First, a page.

While it was a marathon effort for him, Rex made the journey out to see the finished staircase. The following afternoon, I found him sitting on them.  I don't think I will get as much joy out of doing these projects without him there to appreciate it. Things need to be done, to be sure, but his glowing appraisal makes it worth the extra effort. As I had to leave to get back to work in NYC, not two days after I wrapped up the work on the staircase, I knew I could be seeing him for the last time. He said to me "you have value, remember that." Seems like such a simple thing, but it chokes me up. Rex was motivated to get the staircase rebuilt because his elderly friends were having trouble climbing the old set when they came to visit. I suppose, then, that a staircase could be a last wish. It's a way to extend oneself beyond the boundaries of life and death, a courtesy to those friends who will thank me for the effort and good work, at his house, soon enough.

Saturday, February 18, 2017

Spring Ahead

February thaw is in play. We will be 30-40 degrees above the average temperatures today. I read the arctic is as well. Our ice is becoming water. Our solid ground is becoming mud. Meanwhile, I've ordered and received a plethora of native seeds from PrairieMoon that will be cold stratified and then planted in cell trays this April. Native plants require a use of the mind not at all like domesticated species. Each has very specific challenges to successful germination and growth. My success with six varieties of milkweed last year has given me the confidence to try a range of species.

We are almost done with the barn studio and quite a building feat for me. My primary use will be as a wood shop in the main space and north side storage shed for potatoes and garlic. I have started a business limited liability company under the name Artist & Builder. I will be building yard and garden structures such as custom planter boxes, raised planter boxes for institutions that serve handicapped, elderly, or children, small bridges, the basic arbors, pergolas, and furniture for the garden. I may do planting, I may not. When I have my website up and running, I will link to it here.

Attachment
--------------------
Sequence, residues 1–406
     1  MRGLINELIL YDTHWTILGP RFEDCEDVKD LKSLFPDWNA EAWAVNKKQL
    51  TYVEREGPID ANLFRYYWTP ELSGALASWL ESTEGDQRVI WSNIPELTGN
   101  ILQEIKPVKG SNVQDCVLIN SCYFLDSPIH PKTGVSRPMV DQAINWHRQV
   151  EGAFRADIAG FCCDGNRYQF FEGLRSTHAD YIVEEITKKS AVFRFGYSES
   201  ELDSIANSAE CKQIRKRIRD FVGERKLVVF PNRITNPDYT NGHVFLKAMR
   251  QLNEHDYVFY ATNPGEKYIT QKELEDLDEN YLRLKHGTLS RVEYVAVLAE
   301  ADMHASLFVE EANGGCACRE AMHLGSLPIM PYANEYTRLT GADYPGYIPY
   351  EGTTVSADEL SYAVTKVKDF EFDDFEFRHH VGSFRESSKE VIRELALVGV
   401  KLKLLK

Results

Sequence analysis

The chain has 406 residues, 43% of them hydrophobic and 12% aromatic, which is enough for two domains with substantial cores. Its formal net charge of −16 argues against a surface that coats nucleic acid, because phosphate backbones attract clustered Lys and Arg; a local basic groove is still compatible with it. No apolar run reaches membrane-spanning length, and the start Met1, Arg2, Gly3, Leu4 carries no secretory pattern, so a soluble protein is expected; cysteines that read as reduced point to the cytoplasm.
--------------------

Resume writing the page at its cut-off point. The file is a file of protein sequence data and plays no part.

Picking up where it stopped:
I bartered with my sheep farming neighbor to continue growing garlic in his field. Despite the insane warm up, the garlic is likely to remain under the soil through the week. I will offer some for sale late this summer at Hudson Clove.

Spring is advancing early, as you can see in the Phenology Network maps. There is a danger that trees will bud or leaf out and then be hit be a hard freeze. Here in Minnesota, the hard freeze can happen anytime into May.

Meanwhile, I am continuing my art practice with photography and have several exhibits up or coming this year. You can see my regular postings on my Instagram account with a caveat that the photos are of limited quality on such a site. I do make Epson Ultrachrome prints on archival matte paper for sale, so feel comfortable inquiring through my art website. I've also been making more digital movies (hard to say films when no film is involved) of the land around me. You can see those on my Vimeo channel or Youtube channel. You can subscribe to any to get updates.

Finally, I have been busy with many things and have taken to blogging quite a bit less. I hope this changes, but that remains to be seen. With over 2000 posts over 8 years, there is plenty to read here about my landscape, garden, farm, and other adventures. Stay tuned: as the business gets up and running, there will be more to say, and of course, spring is around the corner.

Saturday, January 14, 2017

The View as Enclosure